Present value (PV) is the current value of a future sum of money or stream of cash flows given a specified rate of return. Future cash flows are discounted at the discount rate, and the higher the discount rate, the lower the present value of the future cash flows. Determining the appropriate discount rate is the key to properly valuing future cash flows, whether they be earnings or obligations.
Present value is also referred to as the discounted value. The basis is that receiving Rs. 1,000 now is worth more than Rs. 1,000 five years from now because if you got the money now, you could invest it and receive an additional return over the five years.
The equation for calculating present value is:
Present value = FV / (1 + r)n
Where: FV = future value, r = rate, n = number of periods
The calculation of discounted or present value is extremely important in many financial calculations. For example, net present value, bond yields, spot rates and pension obligations all rely on discounted or present value. Learning how to use a financial calculator to make present value calculations can help you decide whether you should accept such offers as a cash rebate, 0% financing on the purchase of a car, or pay points on a mortgage.
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Present value is used in reference to future value and the comparison of present value with future value (FV) best illustrates the principle of time value of money and the need for charging or paying additional risk-based interest rates. Simply put, the money today is worth more than the same money tomorrow because of the passage of time - i.e., in nearly all scenarios a person would rather have a $1 today versus that same $1 tomorrow. Future value can relate to the future cash inflows from Investing today's money, or the future payment required to repay money borrowed today.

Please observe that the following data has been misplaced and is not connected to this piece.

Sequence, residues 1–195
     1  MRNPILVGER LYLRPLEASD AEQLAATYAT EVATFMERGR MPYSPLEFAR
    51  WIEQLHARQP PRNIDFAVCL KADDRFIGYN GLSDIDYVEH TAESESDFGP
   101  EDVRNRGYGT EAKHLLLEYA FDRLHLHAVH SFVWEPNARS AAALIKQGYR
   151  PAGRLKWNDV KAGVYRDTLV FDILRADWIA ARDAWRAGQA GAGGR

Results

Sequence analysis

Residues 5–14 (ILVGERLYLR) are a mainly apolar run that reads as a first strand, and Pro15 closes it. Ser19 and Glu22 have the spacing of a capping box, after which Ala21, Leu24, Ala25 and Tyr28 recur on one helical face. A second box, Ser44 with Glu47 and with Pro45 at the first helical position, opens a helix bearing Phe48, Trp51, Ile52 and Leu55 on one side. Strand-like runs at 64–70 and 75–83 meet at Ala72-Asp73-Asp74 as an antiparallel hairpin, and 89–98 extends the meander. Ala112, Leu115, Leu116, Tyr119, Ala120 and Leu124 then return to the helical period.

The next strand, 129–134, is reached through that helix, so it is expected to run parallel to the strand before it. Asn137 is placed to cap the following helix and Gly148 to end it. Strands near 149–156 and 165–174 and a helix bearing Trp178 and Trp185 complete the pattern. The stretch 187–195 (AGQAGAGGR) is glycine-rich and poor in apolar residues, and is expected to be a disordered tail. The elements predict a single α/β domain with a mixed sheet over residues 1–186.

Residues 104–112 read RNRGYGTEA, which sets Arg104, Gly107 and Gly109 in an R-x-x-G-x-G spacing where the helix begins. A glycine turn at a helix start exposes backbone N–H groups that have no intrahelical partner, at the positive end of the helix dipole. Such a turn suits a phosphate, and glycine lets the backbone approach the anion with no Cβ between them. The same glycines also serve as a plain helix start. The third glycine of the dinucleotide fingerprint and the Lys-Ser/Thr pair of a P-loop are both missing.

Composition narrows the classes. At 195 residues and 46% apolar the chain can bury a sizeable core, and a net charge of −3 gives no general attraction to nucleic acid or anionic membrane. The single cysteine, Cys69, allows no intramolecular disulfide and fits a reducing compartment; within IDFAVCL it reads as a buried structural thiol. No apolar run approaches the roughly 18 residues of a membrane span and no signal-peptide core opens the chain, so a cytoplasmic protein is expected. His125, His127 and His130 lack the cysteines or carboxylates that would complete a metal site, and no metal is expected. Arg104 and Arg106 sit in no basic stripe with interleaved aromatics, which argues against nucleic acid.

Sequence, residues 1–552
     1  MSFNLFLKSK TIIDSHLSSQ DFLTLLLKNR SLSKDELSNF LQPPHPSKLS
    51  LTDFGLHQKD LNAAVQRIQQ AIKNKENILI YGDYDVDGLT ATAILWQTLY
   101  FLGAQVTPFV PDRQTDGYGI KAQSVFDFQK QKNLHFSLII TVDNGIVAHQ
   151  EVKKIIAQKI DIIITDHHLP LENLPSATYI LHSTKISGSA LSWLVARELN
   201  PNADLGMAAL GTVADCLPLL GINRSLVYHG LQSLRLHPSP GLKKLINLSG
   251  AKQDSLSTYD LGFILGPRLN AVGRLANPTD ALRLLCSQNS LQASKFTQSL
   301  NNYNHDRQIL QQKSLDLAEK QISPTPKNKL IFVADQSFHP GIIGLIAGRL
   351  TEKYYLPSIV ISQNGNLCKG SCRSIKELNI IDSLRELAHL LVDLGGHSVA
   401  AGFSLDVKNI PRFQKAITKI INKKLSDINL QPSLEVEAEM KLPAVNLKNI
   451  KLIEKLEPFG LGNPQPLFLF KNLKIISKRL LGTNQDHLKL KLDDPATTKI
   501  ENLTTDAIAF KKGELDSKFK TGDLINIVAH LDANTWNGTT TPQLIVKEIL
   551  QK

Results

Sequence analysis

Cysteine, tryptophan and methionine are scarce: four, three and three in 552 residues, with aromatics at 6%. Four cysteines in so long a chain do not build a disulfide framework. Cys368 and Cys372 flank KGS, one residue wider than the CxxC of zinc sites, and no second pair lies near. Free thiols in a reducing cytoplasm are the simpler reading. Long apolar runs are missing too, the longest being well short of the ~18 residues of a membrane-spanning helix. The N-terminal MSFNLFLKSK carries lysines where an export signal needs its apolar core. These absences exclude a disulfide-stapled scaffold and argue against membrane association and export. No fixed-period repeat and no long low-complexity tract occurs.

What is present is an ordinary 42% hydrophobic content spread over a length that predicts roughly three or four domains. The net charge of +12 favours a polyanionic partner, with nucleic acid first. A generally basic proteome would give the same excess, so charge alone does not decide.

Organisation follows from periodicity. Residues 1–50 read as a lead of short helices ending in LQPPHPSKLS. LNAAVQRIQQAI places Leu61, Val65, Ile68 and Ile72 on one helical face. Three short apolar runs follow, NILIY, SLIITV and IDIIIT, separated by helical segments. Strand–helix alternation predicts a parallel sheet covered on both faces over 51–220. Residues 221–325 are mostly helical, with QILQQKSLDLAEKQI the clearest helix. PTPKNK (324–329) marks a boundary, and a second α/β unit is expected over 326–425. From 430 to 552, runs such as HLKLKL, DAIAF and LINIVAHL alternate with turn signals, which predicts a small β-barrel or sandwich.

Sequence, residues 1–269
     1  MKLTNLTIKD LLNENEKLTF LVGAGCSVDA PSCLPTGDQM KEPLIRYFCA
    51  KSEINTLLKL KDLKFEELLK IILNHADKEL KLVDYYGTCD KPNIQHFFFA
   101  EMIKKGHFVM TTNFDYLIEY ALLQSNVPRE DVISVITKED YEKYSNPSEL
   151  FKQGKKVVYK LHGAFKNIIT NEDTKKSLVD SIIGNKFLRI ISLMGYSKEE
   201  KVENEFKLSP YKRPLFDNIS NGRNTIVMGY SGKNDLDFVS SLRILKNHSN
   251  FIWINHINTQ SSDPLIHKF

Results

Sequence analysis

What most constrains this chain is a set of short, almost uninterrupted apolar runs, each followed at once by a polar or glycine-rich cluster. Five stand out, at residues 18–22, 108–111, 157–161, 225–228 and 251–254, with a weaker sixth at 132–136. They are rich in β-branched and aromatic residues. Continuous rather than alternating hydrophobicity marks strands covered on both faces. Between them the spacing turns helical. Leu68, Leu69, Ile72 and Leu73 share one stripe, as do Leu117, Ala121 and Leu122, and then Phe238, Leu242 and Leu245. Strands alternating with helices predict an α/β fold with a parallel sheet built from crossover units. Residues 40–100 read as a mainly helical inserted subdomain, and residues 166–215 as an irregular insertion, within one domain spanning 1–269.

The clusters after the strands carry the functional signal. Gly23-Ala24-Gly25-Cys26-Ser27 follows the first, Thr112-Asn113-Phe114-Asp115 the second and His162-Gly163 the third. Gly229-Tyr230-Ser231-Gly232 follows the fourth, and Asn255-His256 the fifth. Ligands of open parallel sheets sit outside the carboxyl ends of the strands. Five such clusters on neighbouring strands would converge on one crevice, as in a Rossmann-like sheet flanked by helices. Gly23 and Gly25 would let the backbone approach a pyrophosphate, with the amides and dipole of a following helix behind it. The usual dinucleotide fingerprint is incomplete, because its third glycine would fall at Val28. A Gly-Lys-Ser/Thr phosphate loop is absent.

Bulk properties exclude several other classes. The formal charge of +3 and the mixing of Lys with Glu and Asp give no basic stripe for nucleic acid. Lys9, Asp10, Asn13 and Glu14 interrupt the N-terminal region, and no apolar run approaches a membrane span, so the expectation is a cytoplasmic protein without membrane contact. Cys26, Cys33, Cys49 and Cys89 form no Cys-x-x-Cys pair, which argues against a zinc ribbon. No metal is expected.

The discount rate is the sum of the time value and a relevant interest rate that mathematically increases future value in nominal or absolute terms. Conversely, the discount rate is used to work out future value in terms of present value, allowing a lender or capital provider to settle on the fair amount of any future earnings or obligations in relation to the present value of the capital. The word "discount" refers to future value being discounted to present value.
Present value provides a basis for assessing the fairness of any future financial benefits or liabilities. For example, a future cash rebate discounted to present value may or may not be worth having a potentially higher purchase price. The same financial calculation applies to 0% financing when buying a car. Paying some interest instead of on a lower sticker price may work out better for the buyer than paying zero interest on a higher sticker price. Paying mortgage points now in exchange for lower mortgage payments later makes sense only if the present value of the future mortgage savings is greater than the mortgage points paid today.